String Class Tutorials

String replace(char oldChar, char newChar)
String replace(CharSequence target, CharSequence replacement)

The replace() method is overloaded and has two different signatures. The replace(char oldChar, char newChar) simply returns a string with all characters that match the first parameter oldchar replaced with the character specified by the second parameter newChar. For example:
String s = "Don't bring these to the airport: pocket knife; liquid bleach; gasoline; guns; etc.";
String version1 = s.replace(';', ',');
System.out.println( version1);
// Don't bring these to the airport: pocket knife, liquid bleach, gasoline, guns, etc.

The replace(CharSequence target, CharSequence replacement) simply returns a string with all substrings that match first parameter target replaced with the substring specified by the second parameter replacement. For example:
String u = "The quick brown fox jumps over the lazy dog.";
u = u.replace("the", "my");
System.out.println(u);
// The quick brown fox jumps over my lazy dog.



Open the command prompt (CMD - see the Getting Started ) and type in the following commands.

C:\Windows\System32>cd \
C:\>md Java
C:\>cd Java
C:\Java>
C:\Java>md StringReplace
C:\Java>cd StringReplace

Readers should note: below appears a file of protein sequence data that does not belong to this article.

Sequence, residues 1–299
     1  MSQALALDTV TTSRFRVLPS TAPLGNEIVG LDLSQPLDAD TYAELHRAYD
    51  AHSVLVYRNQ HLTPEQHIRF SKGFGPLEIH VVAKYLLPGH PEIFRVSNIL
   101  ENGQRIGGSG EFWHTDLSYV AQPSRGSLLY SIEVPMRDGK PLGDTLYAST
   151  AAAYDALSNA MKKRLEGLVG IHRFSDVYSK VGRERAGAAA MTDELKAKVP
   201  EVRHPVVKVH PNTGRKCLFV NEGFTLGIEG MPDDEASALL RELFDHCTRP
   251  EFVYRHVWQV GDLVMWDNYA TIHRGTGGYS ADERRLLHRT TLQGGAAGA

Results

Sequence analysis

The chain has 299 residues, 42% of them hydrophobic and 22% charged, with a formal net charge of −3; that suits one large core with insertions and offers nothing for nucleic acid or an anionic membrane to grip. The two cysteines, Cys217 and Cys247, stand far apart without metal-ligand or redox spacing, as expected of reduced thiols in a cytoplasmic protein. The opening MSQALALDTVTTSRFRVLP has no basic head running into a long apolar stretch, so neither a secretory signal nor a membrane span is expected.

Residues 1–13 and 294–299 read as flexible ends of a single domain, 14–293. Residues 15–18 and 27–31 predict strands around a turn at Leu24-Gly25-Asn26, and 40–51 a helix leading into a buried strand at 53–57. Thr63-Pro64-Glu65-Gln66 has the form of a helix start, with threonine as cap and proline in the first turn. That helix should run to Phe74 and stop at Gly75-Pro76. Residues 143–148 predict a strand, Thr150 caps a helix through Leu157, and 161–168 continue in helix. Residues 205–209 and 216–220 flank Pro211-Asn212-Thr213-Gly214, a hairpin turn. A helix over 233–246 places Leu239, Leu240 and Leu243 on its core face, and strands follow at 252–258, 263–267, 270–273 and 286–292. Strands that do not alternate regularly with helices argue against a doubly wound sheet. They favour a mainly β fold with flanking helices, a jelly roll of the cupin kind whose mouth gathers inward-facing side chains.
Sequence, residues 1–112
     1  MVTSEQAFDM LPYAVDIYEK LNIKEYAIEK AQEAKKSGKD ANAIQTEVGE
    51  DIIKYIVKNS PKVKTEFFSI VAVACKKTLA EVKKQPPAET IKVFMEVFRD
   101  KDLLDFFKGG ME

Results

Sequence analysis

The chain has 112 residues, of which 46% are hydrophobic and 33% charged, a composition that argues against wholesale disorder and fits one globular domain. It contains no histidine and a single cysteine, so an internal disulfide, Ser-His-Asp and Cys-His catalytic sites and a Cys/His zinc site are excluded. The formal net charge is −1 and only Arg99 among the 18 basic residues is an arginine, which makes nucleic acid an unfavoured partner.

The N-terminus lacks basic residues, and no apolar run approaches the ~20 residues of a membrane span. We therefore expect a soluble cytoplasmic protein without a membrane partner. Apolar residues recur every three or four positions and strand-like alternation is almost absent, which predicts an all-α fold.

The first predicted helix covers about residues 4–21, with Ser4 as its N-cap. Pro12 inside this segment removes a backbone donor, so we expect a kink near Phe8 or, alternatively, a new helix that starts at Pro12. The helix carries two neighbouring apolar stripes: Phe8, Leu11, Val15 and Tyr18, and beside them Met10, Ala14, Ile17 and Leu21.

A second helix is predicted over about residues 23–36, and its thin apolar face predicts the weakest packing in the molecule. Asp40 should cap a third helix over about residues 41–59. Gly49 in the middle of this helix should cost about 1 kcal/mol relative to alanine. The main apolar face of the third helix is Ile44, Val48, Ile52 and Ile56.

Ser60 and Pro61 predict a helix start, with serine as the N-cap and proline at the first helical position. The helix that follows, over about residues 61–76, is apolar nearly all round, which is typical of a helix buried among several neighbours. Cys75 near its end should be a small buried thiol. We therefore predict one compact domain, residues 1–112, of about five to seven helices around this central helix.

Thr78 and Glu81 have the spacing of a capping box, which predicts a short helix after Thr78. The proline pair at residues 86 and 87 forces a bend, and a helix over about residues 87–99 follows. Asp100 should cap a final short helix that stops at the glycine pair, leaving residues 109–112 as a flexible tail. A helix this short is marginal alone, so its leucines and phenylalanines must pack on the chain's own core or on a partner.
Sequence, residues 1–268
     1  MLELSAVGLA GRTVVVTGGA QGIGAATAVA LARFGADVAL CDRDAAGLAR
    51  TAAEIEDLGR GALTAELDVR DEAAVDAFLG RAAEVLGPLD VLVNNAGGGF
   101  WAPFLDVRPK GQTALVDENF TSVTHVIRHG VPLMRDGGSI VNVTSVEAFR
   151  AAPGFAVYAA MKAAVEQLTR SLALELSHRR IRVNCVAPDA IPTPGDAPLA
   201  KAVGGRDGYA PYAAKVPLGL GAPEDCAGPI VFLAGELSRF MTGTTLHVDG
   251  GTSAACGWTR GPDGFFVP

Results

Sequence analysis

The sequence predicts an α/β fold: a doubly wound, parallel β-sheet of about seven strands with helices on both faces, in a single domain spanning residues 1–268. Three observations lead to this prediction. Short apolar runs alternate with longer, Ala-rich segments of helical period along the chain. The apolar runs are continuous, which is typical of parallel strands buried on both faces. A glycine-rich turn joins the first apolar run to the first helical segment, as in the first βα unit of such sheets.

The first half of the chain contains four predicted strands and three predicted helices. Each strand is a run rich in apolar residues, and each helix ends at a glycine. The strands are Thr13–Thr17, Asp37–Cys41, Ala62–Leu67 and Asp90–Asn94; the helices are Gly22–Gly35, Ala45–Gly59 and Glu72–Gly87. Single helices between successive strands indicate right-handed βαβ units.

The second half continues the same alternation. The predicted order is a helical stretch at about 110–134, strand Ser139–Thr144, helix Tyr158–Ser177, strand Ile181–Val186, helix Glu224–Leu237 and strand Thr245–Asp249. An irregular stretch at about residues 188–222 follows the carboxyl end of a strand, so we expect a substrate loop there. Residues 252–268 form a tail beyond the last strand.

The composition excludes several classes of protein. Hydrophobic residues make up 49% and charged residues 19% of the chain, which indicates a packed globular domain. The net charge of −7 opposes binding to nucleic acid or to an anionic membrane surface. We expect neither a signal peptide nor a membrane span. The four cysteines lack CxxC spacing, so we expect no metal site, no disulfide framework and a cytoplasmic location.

C:\Java\StringReplace>Notepad StringReplace.java

Copy and Paste, or type the following code into Notepad and be sure to save the file when you are done.


class StringReplace {
    public static void main(String args[]) {
        String s = "Don't bring these to the airport: pocket knife; liquid bleach; gasoline; guns; etc.";
        String version1 = s.replace(';', ',');
        System.out.println(version1); // version1 = Don't bring the following items to the airport: pocket knife, liquid bleach, gasoline, guns, etc.

        String t = "WYZ WYZ WYZ";
        t.replace('W', 'X'); // common mistake - return value goes nowhere
        System.out.println(t);
        t = t.replace('W', 'X'); // fixed
        System.out.println(t);

        String u = "The quick brown fox jumps over the lazy dog.";
        u.replace("the", "my"); // common mistake - return value goes nowhere
        System.out.println(u);
        u = u.replace("the", "my"); // fixed
        System.out.println(u);
    }	
}


Now switch back to the command prompt (CMD) and type in javac StringReplace.java and press Enter.
Now type in java StringReplace and press Enter.


C:\Java\StringReplace>javac StringReplace.java
C:\Java\StringReplace>java StringReplace
Don't bring these to the airport: pocket knife, liquid bleach, gasoline, guns, etc.
WYZ WYZ WYZ
XYZ XYZ XYZ
The quick brown fox jumps over the lazy dog.
The quick brown fox jumps over my lazy dog.


Final thoughts

One strategy that I regularly use to solidify my knowledge of Java is to browse through the actual source code. Due to some language in their copyright file, I can't actually show the source code in my videos. The source code is contained inside of a file called src.zip located in the folder where your JDK is installed. I recommend using notepad++ to browse the class files.


Tutorials